In The News › Should universities be exempt from taxes on pricey property?

Oct 19, 2010


Filed under: Taxation & Assessments

Should universities be exempt from taxes on pricey property?

Tuesday, October 19, 2010
By Scott Satchfield
Additional reporting from Marcy Planer Murray
Eyewitness News

NEW ORLEANS – Mayor Mitch Landrieu is appointing a commission that will study tax exemptions in the city. The group will take a hard look at non-profits like universities and churches to identify situations where they may be exempt, but shouldn’t be.

Janet Howard, President and CEO of the Bureau of Governmental Research, or BGR, applauds the move.

“You have a question as to how broad the scope for a non-profit exemption should be,” Howard said. “An exemption is basically a subsidy. It allows somebody to keep more money in their pocket that they would otherwise pay if they were paying taxes like everybody else. And so, one of the questions is, what is the community getting in return for that exemption?”

Using Orleans Assessor’s Office records, conveyance records and real estate listings, Eyewitness News ran a check on several university-owned properties in residential neighborhoods to get an idea of dollar amounts the city is missing out on.

The schools are exempt from paying taxes on these properties, according to the assessor’s office.

A house at 5744 Sutton Place in Algiers is listed as being owned by Our Lady of Holy Cross College.

Its 2010 assessed value is $330,000, which would generate a little more than $4,600 per year in tax revenue.

At 3803 Camp, a property listed as belonging to Xavier University had a 2010 assessment of $875,000.

Taxes on that property would be more than $12,000 a year.

The property at 5630 Bancroft Drive, listed as being owned by Dillard University, was assessed at $900,000.

Those taxes would land at more than $12,500 yearly.

And at 2 Audubon Place, sits a home that was assessed at more than $5.4 million.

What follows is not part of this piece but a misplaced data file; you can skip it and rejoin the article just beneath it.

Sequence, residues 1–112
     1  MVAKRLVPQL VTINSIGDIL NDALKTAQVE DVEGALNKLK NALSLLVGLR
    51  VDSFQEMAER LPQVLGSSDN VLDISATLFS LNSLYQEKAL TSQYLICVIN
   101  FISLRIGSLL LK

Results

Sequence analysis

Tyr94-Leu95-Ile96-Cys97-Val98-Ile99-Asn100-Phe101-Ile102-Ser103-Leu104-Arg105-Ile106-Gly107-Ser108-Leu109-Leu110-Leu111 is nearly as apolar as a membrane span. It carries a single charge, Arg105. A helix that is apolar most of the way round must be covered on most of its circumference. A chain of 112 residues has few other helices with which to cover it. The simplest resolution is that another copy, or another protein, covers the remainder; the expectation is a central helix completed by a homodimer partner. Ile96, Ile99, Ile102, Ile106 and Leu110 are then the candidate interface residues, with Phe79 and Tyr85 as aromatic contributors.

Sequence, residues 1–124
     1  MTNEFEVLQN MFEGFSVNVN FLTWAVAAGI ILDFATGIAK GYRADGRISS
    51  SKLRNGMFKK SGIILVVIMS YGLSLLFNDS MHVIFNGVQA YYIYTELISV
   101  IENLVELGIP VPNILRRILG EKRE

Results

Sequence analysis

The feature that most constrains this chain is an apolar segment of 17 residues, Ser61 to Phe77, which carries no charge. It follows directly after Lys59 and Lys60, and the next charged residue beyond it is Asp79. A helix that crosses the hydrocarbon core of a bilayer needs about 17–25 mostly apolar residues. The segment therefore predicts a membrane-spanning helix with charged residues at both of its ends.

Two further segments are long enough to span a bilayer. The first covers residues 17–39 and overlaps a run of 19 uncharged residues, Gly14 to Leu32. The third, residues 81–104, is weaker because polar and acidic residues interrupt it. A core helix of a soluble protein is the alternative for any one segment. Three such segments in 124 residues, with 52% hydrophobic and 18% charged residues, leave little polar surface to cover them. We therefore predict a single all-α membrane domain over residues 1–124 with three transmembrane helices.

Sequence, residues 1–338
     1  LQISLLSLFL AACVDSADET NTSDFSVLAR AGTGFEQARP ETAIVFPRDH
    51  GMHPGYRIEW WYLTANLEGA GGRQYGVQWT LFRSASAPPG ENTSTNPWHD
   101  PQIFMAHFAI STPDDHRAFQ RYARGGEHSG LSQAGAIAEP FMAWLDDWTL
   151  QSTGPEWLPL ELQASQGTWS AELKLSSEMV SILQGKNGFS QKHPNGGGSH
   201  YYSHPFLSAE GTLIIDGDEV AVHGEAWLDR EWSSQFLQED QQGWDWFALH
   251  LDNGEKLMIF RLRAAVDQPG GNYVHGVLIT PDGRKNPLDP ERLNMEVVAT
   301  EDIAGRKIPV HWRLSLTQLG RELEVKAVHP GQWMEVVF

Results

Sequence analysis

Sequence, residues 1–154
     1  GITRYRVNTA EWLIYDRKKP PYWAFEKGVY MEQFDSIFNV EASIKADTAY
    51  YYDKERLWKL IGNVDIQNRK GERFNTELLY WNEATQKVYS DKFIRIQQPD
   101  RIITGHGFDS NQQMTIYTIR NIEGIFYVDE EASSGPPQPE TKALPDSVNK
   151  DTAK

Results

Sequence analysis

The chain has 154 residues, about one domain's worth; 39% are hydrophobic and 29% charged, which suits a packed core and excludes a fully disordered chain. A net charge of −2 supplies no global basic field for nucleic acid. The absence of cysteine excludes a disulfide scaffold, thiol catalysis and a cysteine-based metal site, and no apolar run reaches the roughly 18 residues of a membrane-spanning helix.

Administrators of the Tulane University Educational Fund are the listed owners.

If taxed, the home would generate more than $75,000 in taxes each year.

These are just a handful of examples and the city has not commented on them directly.

While BGR hasn’t taken a position on eliminating exemptions, Howard says the group is studying the issue.

“Are they strictly enforced? Is the information kept that we need? There are all kinds of changes that could be made just to determine whether property is validly off the tax rolls, even under existing rules,” Howard said. “We don’t have the tax base that we need to provide services, and there are structural changes that need to be made and this is one place where you start taking a look.”

University officials Eyewitness News talked with said they haven’t received any information from the city about any effort to revise property tax laws.

Tulane officials responded in an email, writing: “As the city¹s largest private employer, we would hope to be part of any discussion along those lines.”

Howard says exemptions are outlined by the state constitution, but again, she believes certain changes in how the exemptions are administered by the assessor’s office could help the city collect money on some properties.

Oct 19, 2010


Filed under: Taxation & Assessments

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